Creations in Stone and Bone

Dennis has followed the artistic foundation of his father. He likes to think of himself as a messenger. A liaison between you and the stone or antler. He has the honour and obligation to free each piece and share it with the world. He has several special approaches, including the creation of intricate images onto deer, elk and moose antlers as well as alabaster and soapstone.

Wildlife continues to be a favourite subject for his artwork, but Dennis will also create “moments in time,” a combination of pictures of everyday life and the beauty they possess.

Nature's Balance

“Natures Balance” is a full moose antler carving depicting Canada’s wildlife. Herbivores and carnivores and separated by our mascot- the beaver. This work highlights the beauty and wonder of our cherished land and all that we stand to lose. His inspiration for this carving was witnessing these creatures in their natural habitat as he worked as a locomotive engineer travelling through the Rockies and Fraser Canyon.

The Legend of Sedna the Sea Goddess

"The Legend of Sedna the Sea Goddess" A young woman falls from her kayak and becomes the mother of all sea creatures after losing her fingers into the ocean. Her father severs them, in fear of capsizing. From each of her finger joints different sea creatures were born. As the sea goddess, Sedna has dominion over her creatures and controls the availability of them to Inuit hunters. In difficult times, Shaman will comb the tangles out of Sedna's hair and put it into braids. This makes her happy and soothes her anger. When she is happy, she allows her animals to make themselves available to the hunters.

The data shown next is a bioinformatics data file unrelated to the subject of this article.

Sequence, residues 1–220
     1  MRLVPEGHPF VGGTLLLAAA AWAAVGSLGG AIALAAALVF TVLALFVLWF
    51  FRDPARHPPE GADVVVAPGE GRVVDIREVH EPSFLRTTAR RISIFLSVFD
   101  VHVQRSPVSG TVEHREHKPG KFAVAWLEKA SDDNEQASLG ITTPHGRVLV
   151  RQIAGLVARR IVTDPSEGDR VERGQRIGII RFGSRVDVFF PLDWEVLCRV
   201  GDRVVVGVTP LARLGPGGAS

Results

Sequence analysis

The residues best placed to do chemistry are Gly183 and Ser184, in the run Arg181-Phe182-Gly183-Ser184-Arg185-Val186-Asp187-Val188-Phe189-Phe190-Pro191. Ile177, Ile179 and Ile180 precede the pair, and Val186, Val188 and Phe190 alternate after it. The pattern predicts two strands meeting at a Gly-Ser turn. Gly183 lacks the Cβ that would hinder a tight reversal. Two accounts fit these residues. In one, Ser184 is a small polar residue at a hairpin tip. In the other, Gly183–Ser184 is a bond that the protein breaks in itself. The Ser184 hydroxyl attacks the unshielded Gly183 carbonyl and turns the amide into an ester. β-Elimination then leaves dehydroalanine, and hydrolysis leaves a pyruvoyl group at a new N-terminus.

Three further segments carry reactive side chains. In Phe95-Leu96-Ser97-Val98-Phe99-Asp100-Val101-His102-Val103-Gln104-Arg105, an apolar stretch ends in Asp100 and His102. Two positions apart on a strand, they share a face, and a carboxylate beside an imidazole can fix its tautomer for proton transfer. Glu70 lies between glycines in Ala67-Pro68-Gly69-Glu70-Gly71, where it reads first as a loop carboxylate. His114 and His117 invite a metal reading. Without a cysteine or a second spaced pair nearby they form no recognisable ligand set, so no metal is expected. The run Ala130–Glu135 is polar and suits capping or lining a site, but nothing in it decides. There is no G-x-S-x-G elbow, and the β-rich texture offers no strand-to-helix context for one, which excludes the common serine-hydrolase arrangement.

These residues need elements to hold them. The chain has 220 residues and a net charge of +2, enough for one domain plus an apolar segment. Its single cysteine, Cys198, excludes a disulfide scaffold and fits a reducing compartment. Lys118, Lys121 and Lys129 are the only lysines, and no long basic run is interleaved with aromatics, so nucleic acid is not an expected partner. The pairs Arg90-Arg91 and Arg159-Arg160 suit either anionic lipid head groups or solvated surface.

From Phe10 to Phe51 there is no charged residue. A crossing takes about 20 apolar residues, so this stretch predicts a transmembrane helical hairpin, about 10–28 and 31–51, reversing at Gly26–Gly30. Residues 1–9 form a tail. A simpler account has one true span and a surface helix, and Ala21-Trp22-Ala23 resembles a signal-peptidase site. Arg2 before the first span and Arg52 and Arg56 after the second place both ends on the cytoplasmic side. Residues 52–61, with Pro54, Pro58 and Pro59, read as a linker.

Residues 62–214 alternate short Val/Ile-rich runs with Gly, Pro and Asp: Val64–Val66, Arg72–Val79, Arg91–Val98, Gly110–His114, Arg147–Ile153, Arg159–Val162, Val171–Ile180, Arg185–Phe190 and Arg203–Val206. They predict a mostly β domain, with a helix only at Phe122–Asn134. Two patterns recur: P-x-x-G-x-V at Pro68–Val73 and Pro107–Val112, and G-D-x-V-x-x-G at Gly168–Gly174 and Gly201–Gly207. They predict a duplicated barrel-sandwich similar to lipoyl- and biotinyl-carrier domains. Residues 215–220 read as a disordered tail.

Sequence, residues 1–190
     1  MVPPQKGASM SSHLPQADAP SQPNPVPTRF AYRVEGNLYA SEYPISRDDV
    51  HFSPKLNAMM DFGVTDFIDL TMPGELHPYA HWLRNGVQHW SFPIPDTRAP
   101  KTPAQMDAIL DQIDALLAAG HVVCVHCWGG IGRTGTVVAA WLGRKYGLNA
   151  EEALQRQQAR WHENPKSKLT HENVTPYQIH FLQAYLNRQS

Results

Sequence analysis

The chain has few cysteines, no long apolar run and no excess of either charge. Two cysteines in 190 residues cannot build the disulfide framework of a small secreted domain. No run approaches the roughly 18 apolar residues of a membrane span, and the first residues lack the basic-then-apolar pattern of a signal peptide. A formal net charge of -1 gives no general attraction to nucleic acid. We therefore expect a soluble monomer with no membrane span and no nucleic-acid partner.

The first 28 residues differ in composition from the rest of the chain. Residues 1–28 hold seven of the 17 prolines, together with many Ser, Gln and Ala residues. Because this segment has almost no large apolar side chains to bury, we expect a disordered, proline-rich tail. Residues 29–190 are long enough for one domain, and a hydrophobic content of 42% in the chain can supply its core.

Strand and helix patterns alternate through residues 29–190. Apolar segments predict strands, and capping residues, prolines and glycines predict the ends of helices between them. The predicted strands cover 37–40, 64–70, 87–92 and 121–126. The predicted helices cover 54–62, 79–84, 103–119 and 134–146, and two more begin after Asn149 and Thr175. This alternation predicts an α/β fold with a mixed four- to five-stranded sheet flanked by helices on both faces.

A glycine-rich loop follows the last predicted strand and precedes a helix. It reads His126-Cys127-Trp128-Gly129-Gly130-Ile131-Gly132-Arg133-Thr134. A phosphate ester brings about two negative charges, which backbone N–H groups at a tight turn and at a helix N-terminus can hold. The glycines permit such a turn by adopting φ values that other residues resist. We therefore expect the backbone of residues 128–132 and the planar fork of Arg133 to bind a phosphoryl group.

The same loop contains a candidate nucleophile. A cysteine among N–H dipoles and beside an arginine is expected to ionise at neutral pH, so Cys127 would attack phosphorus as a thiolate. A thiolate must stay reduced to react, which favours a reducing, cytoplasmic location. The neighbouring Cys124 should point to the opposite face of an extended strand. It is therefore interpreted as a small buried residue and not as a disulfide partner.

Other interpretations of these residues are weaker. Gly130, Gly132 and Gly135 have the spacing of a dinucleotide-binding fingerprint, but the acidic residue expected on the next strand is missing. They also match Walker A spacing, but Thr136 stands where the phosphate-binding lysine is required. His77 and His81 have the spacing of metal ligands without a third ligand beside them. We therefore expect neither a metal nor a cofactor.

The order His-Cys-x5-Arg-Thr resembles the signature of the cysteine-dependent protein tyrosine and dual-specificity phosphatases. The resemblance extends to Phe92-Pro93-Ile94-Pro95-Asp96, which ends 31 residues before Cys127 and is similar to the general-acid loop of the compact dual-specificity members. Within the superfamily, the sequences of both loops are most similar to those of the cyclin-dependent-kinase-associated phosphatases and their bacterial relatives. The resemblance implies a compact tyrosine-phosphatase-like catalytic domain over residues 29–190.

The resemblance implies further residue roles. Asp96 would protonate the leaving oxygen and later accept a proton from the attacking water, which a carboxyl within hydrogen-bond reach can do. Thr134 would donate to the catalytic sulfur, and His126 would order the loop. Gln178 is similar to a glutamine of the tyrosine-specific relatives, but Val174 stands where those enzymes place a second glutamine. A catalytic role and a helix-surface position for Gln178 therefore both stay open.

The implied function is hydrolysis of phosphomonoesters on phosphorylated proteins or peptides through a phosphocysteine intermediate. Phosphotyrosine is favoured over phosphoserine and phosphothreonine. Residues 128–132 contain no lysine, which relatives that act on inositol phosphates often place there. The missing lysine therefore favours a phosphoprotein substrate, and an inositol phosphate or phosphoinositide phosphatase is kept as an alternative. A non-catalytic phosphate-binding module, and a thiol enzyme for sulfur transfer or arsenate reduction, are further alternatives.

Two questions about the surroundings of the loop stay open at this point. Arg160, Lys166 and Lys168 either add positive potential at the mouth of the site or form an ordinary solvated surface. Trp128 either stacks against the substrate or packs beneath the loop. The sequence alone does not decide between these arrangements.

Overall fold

Two whale vertebrae’s merge to become “Sedna”. Her beautiful image is carved with the creatures of the sea escaping from her hair. The base is serpentine stone set into the bone and represents the sea and their new home for them to flourish. Right, is Ethereal Dancers. A large moose antler carving of flowers and humming birds. Two elk birds emerge, peering at their kin.


"Homestead" above is a montage of images during his travels, combined to create an intrinsic collage of a time gone by.